This morning we returned to the nursing home where we planted trees yesterday. If you read yesterday’s blog, you already know about our Beast Mode – AnnaLee. You also heard about the resident in the pink nightgown who was helping. Thought I would give you a picture of the two together. Both of them impressed me very much yesterday.
We talked with the Pastor who helps with the nursing home, and he described how it was started, how it is funded, and why he was there. There are currently 27 people living there who did not have any family to take care of them. We sang a song for the residents, and they sang one for us as well.
After we left the nursing home, we headed to Guillem to visit with Pastor Daniel’s wife. This was special for Tonja and I because she had been very sick the last time we were here, and our group had visited and prayed for her.
Today, she was demonstrating the preparation of a coconut treat for us. 410 Bridge had been doing some small business training in the community, and she was one of the participants. Now she has a business plan, and is making these treats to sell at market and for events.
Coconut is grated, then you add a little water. The wet coconut is then squeezed and strained to get coconut milk. The coconut milk is added to some boiled milk along with some spices. Then all of it is boiled some more. When it is boiling, you add condensed milk and a banana. Then it continues to boil and thicken up. Once it is thick enough, you spread it on a surface and let it harden, then cut into bite sized pieces. It turns out a lot like fudge, and was delicious. They told us it is called dous. We left with a bagful to enjoy later.
We also went to Pastor Michel’s farm to try some fresh coconut water. They climbed the tree and got fresh coconuts, then cut them open so we could drink the water. Afterward, they cut them the rest of the way so we could eat the coconut. While we were not used to the fresh coconut water, it was obvious that the Haitians that were with us enjoyed it very much.
In the afternoon we visited the gravesite of a former president of Haiti. We learned a lot about their history. This was the president that first brought electricity to Haiti. As we discovered when they told us about their independence earlier in the week, the Haitian people are very proud of their heritage.
We finished the day touring downtown Les Cayes. We got to see the clinic where the doctor who spoke about cancer earlier in the week works. Then we went to a pier and enjoyed the view together.
As I continue writing this on Wednesday morning, our last full day in Haiti, it has been a very emotional journey. With this being my tenth trip to Haiti, I don’t get a lot of big surprises anymore. The trips become more about sharing that experience with other team members and the relationships I am building in the community. This trip has given me much more.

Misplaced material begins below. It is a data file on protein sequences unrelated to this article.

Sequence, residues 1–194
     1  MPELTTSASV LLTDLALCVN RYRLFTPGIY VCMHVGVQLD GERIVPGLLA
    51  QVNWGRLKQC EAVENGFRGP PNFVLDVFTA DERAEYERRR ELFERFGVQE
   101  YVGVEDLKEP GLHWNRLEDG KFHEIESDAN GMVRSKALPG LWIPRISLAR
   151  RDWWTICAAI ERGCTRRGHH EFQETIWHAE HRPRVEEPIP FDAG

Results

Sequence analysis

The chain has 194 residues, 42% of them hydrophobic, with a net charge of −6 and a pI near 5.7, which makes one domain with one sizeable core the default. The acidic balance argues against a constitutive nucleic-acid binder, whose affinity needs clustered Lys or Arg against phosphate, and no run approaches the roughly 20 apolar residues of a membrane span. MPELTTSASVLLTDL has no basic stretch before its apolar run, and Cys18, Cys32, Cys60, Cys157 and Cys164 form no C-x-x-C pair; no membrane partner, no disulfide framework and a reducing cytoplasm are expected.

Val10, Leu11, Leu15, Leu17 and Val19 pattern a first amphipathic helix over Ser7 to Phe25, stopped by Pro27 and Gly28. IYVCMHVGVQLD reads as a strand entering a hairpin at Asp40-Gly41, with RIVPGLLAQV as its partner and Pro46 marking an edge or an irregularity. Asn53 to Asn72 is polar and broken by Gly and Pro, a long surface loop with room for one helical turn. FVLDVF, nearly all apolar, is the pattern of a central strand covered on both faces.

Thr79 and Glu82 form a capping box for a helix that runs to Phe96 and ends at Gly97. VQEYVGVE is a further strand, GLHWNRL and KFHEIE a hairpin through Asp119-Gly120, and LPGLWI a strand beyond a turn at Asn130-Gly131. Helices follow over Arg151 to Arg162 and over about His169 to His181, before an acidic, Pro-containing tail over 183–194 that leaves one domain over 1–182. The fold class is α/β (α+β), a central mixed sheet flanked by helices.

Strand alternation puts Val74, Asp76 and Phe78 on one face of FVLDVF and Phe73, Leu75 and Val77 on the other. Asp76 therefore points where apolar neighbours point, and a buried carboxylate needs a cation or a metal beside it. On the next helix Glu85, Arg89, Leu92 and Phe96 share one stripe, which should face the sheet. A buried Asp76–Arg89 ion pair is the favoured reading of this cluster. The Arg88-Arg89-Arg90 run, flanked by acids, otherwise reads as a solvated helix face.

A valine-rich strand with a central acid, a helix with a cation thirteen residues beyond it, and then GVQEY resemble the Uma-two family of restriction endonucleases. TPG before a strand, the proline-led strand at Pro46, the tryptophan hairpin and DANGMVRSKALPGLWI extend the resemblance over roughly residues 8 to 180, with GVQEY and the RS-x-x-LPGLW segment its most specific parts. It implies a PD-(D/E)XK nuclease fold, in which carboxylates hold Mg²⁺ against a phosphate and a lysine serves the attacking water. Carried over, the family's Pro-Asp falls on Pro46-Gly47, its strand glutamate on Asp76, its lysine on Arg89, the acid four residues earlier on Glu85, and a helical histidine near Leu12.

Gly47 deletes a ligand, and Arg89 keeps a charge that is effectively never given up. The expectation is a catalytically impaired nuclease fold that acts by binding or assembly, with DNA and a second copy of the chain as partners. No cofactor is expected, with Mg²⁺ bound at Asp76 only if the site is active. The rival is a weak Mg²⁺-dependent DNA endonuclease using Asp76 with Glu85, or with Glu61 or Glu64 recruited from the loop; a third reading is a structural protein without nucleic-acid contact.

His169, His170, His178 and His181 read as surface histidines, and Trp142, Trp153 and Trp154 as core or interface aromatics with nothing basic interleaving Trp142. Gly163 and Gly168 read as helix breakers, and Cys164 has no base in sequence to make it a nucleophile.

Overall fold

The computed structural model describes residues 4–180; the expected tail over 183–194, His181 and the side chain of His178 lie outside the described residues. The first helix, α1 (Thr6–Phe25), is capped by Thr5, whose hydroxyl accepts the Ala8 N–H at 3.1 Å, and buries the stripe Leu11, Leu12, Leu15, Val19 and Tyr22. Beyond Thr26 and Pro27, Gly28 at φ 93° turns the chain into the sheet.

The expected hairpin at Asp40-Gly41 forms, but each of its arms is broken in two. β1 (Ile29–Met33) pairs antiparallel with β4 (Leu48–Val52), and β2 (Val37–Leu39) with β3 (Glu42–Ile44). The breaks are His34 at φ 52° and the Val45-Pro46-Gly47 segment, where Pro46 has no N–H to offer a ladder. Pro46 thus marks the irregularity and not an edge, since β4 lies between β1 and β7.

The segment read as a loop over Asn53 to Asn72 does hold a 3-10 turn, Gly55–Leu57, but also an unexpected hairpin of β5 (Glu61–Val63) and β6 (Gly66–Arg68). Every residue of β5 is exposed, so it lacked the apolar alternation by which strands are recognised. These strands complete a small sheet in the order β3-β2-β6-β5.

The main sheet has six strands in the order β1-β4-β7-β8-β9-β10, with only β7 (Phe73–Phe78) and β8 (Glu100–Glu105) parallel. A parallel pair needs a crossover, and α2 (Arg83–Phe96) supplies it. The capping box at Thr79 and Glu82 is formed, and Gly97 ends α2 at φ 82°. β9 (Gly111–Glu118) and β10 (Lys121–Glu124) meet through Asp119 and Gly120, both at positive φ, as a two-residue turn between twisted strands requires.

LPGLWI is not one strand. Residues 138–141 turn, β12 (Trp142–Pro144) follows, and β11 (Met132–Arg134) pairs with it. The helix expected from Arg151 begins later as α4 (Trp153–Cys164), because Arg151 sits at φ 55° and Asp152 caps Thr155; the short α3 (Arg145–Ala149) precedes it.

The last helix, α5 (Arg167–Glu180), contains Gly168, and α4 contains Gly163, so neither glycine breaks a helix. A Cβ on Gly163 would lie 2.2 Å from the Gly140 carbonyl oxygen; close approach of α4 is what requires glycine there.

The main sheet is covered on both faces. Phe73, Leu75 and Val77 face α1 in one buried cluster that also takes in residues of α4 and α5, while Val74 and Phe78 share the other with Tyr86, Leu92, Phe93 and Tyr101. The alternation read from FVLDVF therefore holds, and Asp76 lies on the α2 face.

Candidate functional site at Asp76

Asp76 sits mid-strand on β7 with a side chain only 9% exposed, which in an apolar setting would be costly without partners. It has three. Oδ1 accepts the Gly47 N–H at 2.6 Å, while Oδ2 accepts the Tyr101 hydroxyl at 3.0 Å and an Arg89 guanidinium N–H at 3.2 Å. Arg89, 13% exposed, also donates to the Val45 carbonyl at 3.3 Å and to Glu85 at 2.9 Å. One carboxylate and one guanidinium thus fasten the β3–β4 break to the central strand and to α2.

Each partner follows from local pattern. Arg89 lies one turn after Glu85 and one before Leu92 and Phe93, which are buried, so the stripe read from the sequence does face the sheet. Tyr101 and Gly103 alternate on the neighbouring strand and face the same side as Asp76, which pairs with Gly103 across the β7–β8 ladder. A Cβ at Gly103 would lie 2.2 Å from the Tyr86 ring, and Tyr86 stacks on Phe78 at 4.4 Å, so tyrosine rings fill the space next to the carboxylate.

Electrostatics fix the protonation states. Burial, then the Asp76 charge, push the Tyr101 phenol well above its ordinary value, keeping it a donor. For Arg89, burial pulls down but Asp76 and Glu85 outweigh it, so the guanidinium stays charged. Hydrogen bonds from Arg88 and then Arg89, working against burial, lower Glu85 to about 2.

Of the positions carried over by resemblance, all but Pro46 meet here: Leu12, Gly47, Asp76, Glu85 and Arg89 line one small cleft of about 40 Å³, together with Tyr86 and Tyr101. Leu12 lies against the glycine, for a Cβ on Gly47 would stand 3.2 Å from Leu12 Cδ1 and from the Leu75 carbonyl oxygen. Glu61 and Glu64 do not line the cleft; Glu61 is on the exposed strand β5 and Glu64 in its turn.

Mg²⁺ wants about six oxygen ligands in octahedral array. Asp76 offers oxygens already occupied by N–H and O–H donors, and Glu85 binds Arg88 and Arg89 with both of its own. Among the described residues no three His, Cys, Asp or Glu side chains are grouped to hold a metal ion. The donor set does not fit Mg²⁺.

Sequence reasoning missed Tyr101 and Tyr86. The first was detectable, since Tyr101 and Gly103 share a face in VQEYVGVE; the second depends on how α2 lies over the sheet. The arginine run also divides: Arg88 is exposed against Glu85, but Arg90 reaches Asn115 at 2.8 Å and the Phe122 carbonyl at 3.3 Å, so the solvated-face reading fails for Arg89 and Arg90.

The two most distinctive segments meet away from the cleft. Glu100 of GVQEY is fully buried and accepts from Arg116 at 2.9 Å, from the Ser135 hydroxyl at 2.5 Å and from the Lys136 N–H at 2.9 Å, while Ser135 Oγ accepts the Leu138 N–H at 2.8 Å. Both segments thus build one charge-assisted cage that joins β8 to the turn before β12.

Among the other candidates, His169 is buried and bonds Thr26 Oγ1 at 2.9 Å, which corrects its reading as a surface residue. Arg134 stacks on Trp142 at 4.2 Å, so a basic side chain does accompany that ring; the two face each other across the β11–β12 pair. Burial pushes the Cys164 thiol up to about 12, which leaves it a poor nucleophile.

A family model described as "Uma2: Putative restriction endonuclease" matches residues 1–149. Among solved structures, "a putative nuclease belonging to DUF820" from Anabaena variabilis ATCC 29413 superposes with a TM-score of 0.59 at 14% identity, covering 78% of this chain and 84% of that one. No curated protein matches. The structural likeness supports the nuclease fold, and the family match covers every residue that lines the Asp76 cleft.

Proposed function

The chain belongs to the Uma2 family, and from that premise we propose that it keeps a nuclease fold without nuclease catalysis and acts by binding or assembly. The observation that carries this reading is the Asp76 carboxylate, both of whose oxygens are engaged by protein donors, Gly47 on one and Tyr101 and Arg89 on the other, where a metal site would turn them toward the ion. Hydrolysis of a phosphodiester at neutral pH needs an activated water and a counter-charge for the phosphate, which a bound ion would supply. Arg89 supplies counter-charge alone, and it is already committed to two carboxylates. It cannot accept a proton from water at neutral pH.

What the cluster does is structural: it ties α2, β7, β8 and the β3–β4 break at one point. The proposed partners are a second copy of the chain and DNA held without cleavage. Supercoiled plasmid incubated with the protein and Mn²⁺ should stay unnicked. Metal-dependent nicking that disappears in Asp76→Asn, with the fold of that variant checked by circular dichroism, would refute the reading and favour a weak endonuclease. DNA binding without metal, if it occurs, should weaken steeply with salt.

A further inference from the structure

To begin with, Tonja and I have struggled in the past to deal with the larger groups of children. AnnaLee, Carrie, and Deanna being on this trip is giving us new ideas, reminding us of the great resource we have in fpKids available to us, and showing us that God will provide and leave no task impossible for us.
Each trip I try to pick up a little more of the Kreyol language. It is very hard with limited resources available, and most adults who took a foreign language class in school can tell you that it doesn’t stay forever if you are not continually exposed to it. Yesterday when the Pastor at the nursing home was telling us how long he had been there, I pieced together all I had been working on to thank him and tell him God bless him for his work. To see how touched he was by my effort was a highlight of this trip for me, maybe even all of my trips. He told me he knew that God gave me that word for him to treasure in his heart.
There may not be a lot that looks changed when we leave here in a couple of days. One week is a very short time. Hopefully a few more trees where there were none before. But the things that matter are not always visible. The things that truly matter are the lives that we touch. And not only the lives that we touch, but those that will be forever changed by the those that we touched.
I know that when the members of this team stand before God on that day, that as the pages of their lives are revealed, both good and bad, that they will see people they never knew, but whose names were written into the book of life because of a Pastor they had encouraged at a nursing home, or some translators who they encouraged over these last few days, or a young person they barely interacted with but was touched by seeing their act of faith and sacrifice to leave their homes and come serve here.
The projects are great, but the real impact is in learning from each other, fellowship with each other, and encouraging one another.
When this trip started, I joked that I needed prayer, taking a trip with all women. But I know that my life has been enriched by my time spent with each of these nine beautiful ladies.
Please pray with us as we begin our final full day in Haiti. It is always a very emotional day for each trip.
Written By: Dave Breaux